It’s an interesting time to be buying a game console. Three years into the current console generation, we are seeing (and hearing) about a new array of incrementally improved hardware, such as Sony’s PS4 Pro, Microsoft’s “Project Scorpio,” and sub-platforms, like PlayStation VR.
This is somewhat problematic, as the primary benefit of a gaming console is its simplicity. There are many compelling arguments as to why players who care about performance or want access to the greatest number of games should invest in a gaming PC — the ability to mod games, change intricate performance settings, and Steam sales all come to mind — but there is a large contingency of people deaf to those arguments because they simply want to buy a game and play it.
Still, game consoles remain the easiest way to get into gaming. And while consoles are changing, our top picks remain the same.
Why should you buy this: It’s the best version of the most popular console, and has the highest number of high-fidelity games.
Who’s it for: Everyone, but especially players with a 4K TV.
How much will it cost: $400
Why we picked the PlayStation 4 Pro:
The PlayStation 4 Pro is the best version of the most popular game platform available today. With 4K and HDR 10 compatibility and the most powerful components in a dedicated gaming platform, it is the best plug-and-play gaming platform.
A very large majority of both the PlayStation 4 and Xbox One libraries are available on both platforms. Though both platforms have popular exclusive franchises, the PlayStation 4 (Pro or standard) does receive access to small number of less well-known indie games and niche titles, such as Japanese role-playing games, that the Xbox One does not.
Picking PlayStation 4 over Xbox One or Wii U also opens the door for you to pick up PlayStation VR, which, as we’ve noted, is the most affordable premium VR headset available. While there are rumors of Rift support for the Xbox One, PSVR is the only option for console VR right now – and it’s a good one.
While it can be difficult to take advantage of the PlayStation 4 Pro’s advanced features, namely HDR support, the improvements it provides to even unoptimized games make it the most technically impressive way to play the largest number of games on a console. Depending on how well its adopted by developers — and whether 4K and HDR catch on — the PS4 Pro could represent the future of console gaming.
The best console for 4K movie-lovers
Why should you buy this: With a 4K Blu-Ray player and HDR, it offers access to both great new games and high-resolution video.
Who’s it for: Players who want to use their game console as the centerpiece of their entertainment center or home theater.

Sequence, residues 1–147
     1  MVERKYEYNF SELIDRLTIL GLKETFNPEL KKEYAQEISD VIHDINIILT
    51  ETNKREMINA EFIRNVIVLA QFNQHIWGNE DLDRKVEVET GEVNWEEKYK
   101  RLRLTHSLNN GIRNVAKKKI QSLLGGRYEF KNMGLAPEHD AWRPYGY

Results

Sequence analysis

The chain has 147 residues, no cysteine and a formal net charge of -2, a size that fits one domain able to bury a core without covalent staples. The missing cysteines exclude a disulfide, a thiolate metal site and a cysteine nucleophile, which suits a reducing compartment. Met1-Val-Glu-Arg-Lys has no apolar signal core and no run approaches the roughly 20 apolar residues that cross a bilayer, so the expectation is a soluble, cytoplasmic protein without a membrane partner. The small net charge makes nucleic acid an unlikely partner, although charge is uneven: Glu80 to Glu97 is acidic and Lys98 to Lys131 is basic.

How much will it cost: $299+
Why we picked the Xbox One S:
While the PlayStation 4 Pro plays games in 4K, that benefit is primarily aimed at playing video games. Microsoft’s mid-cycle refresh of the Xbox One sports an 4K Blu-Ray player, and can support 4K HDR video playback through a receiver, making it the clear choice for players who want to play games and watch movies in 4K.
While you are trading 4K gaming for more 4K media options, the Xbox One S upscales from 1080p and still produces a notable visual improvement over the standard Xbox One for gamers with a 4K TV. (The physical set is also the nicest looking of the current consoles.)
For those of us who haven’t made the jump to 4K, both the PlayStation 4 and Xbox One are great consoles with large game libraries. You will be able to play the vast majority of new and upcoming games, including a few exclusive franchises like Halo, Gears of War, and Forza. Plus, if you are (or were) an Xbox 360 owner, a very large number of last-gen console’s games are now compatible with the Xbox One, which could expand your game library and keep at least some of your old games in rotation.
The best portable game console
Why should you buy this: You want access to a great variety of games at all times.
Who’s it for: Everyone
How much will it cost: $649 – 849 (without a contract or upgrade plan)
Professional photographers always they say, “the best camera is the one you have with you.” The same, it could be said, goes for gaming platforms. Despite the resolve of the Nintendo 3DS fanbase, “portable gaming” and “mobile gaming” are very nearly synonymous. If you have a smartphone on you at all times, and you love playing games, it stands to reason that you will spend some time playing games on your phone.
If having access to mobile games — particularly smart, interesting games made specifically for mobile platforms — than the iPhone is the best choice. Though Google Play and iOS App Store are much closer to parity than they used to be, and the rise of free-to-play games has made Android’s piracy issues far less relevant to this conversation, there are still some developers (Including Nintendo) making games for iOS first.
There’s no doubt a 3DS can deliver a deeper gaming experience, but we’ve found that true on-the-go often benefits from simple, engaging games that can be played for 10 to 20 minutes at a time. There, the iPhone 7 and 7 Plus are superior, not only because of the variety of games offered, but also because smartphones are always close at hand. The 3DS, small as it is, doesn’t easily fit in most pockets.